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Big Play Rather than falling apart after a series of poor shots, Fred Couples kept his cool and holed a 61-foot putt to key his surprise win in Houston

Many players would have self-destructed had they been in Fred
Couples's predicament midway through the final round of the
Houston Open. At the par-4 7th hole, Couples rinsed a six-iron
shot on his way to a double bogey which dropped him back into a
tie for the lead with his playing partner, Mark Calcavecchia. On
the par-3 8th, Couples pushed a six-iron, leaving him with a
twisty, undulating 61-foot birdie putt. Meanwhile Calcavecchia
stiffed his tee shot. Couples looked like he'd fall at least a
stroke behind, and maybe more, as a three-putt was a real
possibility. Couples, though, has always had the ability to
remain serene in the face of adversity, so instead of rushing his
long putt, he walked around the green and methodically studied
the break and the speed, and then slowly went through his preshot
routine. When the putt rolled in for a shocking deuce, Couples
tossed his putter across the green and pantomimed doing the same
with his visor (above). Although Calcavecchia made his two-footer
to keep pace, he was clearly rattled, and he hit several wayward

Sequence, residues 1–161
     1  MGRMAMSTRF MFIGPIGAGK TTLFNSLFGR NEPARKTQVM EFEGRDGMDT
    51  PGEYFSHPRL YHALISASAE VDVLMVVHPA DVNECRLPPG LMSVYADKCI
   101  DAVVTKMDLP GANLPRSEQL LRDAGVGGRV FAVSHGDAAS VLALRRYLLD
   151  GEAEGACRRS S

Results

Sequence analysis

shots over the ensuing holes to stumble home with an even-par 37
on the back. Energized by his bomb, Couples birdied the 9th hole
to take the lead, and he held on down the stretch, thanks to more
superlative work on the greens.


COLOR PHOTO: ANDREW GOMBERT (MCCULLAGH) Gerald McCullagh, 52, teaches at Rush Creek Golf Club in Maple Grove, Minn., and is one of Golf Magazine's Top 100 Teachers.



Judging speed is the most important part of long putting, and
contrary to popular opinion, it is a skill that can be learned.
The best way to develop a feel for speed is a four-step drill
during which you putt with your eyes closed, a technique that
helps develop an understanding of the delicate body motions
required to play putts of varying distances.

Stand behind the ball and look down the path of the putt to gauge
the line and distance.

Close your eyes and take a couple of practice strokes to get a
feel for the speed.

Open your eyes and address the ball, then take one last look at
the hole and the line.

Close your eyes and stroke the ball. Repeat the exercise from
varying distances.


"Hank Kuehne's brilliant run in Houston was no fluke. The
1998 U.S. Amateur champ has honed his game in Canada and Europe,
and his years of battling adversity--like me, Hank is a
recovering alcoholic--have steeled him to emerge as a
long-hitting winner to whom the fans will flock."

"The birdiefest at Redstone proves that length alone is not
enough to stop Tour players from shooting lights out; you also
need thick rough and narrow fairways."

"Martha Burk's rallying cry has caused a stir in my native
Ireland, where women's rights groups are threatening to picket
all-male clubs, including Portmarnock and Royal County Down."

"Slow play among amateurs could be drastically reduced if
golfers would quit marking their balls and simply keep putting
until they hole out."